Florentine Humanism in Triumph and in Conflict

Margo Weitzman

As the humanist revival of antiquity saturated Florence, elites hungered for Greek and Latin classics. Translations from Greek to Latin, and to vernacular Italian, made works like Homer’s epics available to new readers, and even to the illiterate who heard orations from the street and gossip from the palaces.  Humanist culture was one of erudite tension as scholars engaged in fierce debates regarding Latin grammar and style. Feuds ranged in from treatises and translations, to personal missives publicly circulated.
Humanism also transformed Florentine art. Pagan narratives became frequent subjects, while classical realism dominated religious painting.  Gold leaf backgrounds gave way to landscapes or architecture, and stylized figures to detailed bodies modeled on classical examples, including nudes. 
Pagan literature and imagery had a complex reception among Church leaders.  Some embraced humanism, founding the Vatican library and commissioning art replete with classical imagery.  Others opposed humanism, leading to Inquisitorial investigations and condemnations of major scholars.

Homeri ... cvm Iliados, tvm Odysseae libri XLVIII Laurentio Vallen
[Antwerp]: Excusa per Ioannem Grapheum, 1528

Rare Books Collection

As a compliment to Baccelli’s vernacular Italian translation, Valla’s complete works of Homer in Latin represents an earlier phase of translation practice. Valla’s translation from Greek to Latin preceded Baccelli’s from Latin to Italian. This volume was a model for proper, erudite Latin among humanists in Florence.

Il Fiolcolo
Giovanni Boccaccio (1313-1375)

Codex Manuscript Collection, Berlin Collection

A contemporary of Petrarch, Giovanni Boccaccio was one of the greatest early Florentine authors. His Decameron and Il Filocolo were among the most read and celebrated works during the Renaissance, and influenced Chaucer. Writing in vernacular Italian, his texts were accessible to Florentines beyond the humanist elite. Il Filocolo, written between 1335 and 1336, is a prose romance following two lovers, which pays homage to Virgil. This volume contains marginal notes written by a Renaissance reader.

Orationes in Laurentium Vallam
Poggio Bracciolini (1380-1459)  
ca. 1485

Codex Manuscript Collection, Berlin Collection

Poggio Bracciolini was an early Italian humanist, a student of one of Petrarch’s friends.  An avid book-hunter, he combed through remote libraries and rediscovered many ancient authors including Lucretius, Silius Italicus, and Quintilian. Poggio was friends with Lorenzo Valla for a time, but they quarreled over points of grammar and style. This volume of Poggio’s orations ferociously attacks Valla’s Elegantiae Linguae Latinae, a step in one of the fifteenth century’s most famous humanist feuds.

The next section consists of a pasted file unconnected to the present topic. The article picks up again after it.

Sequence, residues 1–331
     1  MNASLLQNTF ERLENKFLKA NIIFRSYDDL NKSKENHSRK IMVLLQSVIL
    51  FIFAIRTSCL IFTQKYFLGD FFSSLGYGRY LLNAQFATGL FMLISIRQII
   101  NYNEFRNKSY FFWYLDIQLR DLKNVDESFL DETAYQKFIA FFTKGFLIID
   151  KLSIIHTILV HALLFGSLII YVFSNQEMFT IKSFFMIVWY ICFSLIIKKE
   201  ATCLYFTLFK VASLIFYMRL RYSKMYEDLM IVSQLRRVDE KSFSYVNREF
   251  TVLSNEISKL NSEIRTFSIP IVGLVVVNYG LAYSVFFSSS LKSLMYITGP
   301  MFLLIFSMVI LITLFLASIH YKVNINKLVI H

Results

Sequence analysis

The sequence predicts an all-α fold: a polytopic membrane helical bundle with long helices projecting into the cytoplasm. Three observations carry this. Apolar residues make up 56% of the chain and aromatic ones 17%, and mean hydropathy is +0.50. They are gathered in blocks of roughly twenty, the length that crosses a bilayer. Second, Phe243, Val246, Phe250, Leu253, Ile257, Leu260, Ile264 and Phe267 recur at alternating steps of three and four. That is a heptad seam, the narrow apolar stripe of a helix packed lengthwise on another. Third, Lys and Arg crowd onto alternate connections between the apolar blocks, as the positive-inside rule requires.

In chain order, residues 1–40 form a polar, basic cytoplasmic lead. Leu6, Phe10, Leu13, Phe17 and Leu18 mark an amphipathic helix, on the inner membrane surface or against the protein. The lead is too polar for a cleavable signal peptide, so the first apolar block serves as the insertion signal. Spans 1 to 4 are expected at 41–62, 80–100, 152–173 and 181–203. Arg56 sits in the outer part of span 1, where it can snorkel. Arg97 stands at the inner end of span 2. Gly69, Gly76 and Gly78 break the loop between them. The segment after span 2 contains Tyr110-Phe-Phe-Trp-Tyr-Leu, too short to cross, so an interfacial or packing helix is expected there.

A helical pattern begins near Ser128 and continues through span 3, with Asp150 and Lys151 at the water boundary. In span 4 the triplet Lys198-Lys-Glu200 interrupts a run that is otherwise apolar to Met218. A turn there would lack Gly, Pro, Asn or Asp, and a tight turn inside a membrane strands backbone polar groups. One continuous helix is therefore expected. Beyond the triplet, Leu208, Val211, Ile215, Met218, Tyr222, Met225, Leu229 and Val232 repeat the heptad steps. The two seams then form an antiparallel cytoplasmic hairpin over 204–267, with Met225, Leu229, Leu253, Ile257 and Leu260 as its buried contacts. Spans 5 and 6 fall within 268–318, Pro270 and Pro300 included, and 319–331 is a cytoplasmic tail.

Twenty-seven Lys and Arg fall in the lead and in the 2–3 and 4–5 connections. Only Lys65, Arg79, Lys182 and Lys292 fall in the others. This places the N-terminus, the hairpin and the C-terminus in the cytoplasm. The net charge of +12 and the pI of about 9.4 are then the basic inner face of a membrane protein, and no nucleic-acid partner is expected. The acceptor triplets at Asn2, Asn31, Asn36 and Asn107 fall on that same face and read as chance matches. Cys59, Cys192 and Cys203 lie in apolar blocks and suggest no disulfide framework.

Elegantiae linguae latinae
Lorenzo Valla (1407-1457)
ca. 1460

Codex Manuscript Collection

Humanists strove to develop a classical Latin style distinct from what they saw as degenerate Medieval Latin.  While early humanists took Virgil and Cicero as absolute models, the pugnacious Lorenzo Valla insisted that not even Cicero himself was always perfect, and that the best Latin should be based on diverse examples from many authors.  Valla’s ambitious Elegantiae Linguae Latinae traces the history of Latin, and declares that Rome was not lost, but survives in the many nations of Renaissance Europe.

L’Odissea d’Homero
In Firenze: Appresso il Sermatelli, 1582

Rare Books Collection, Bibliotheca Homerica Langiana

Girolamo Baccelli (1514-c.1581) produced the first complete Odyssey printed in Florentine Italian. Its opening dedication to the second Grand Duke of Tuscany, Francesco I de Medici is indicative of the close relationship between classical study and the permeating network of patronage within social circles of the elite during this period. The patronage of the elite is a driving force for the dissemination of humanism. The printer’s device on the title page borrows the Latin motto festina lente (make haste slowly) used by the celebrated Venetian printer Aldus Manutius, but makes the words Florentine by having the turtle carry Florence’s symbol, the fleur-de-lis.

Prediche del reverend…
Girolamo Savonorola (1452-1498)
Vinegia: Per Bernardino de Binoni Milanese, 1544

Rare Books Collection

The firebrand Dominican reformer Girolamo Savonarola personifies Church tensions with humanism.  When the French invaded in 1494, the Medici abandoned the city, but Savonarola persuaded the French to spare Florence and became the city’s ruler from 1494-98. A scholar himself, Savonarola debated with local humanists, and preached against paganizing literature and art.  Books and paintings were probably burned on Savonarola’s infamous Bonfire of the Vanities, along with luxurious clothing, cosmetics, wigs, and pornography.  Savonarola’s extremism brought the pope’s wrath down on Florence, and he was burned at the stake in 1498.  This posthumous collection of his sermons shows how his reform message gained new momentum in the Reformation.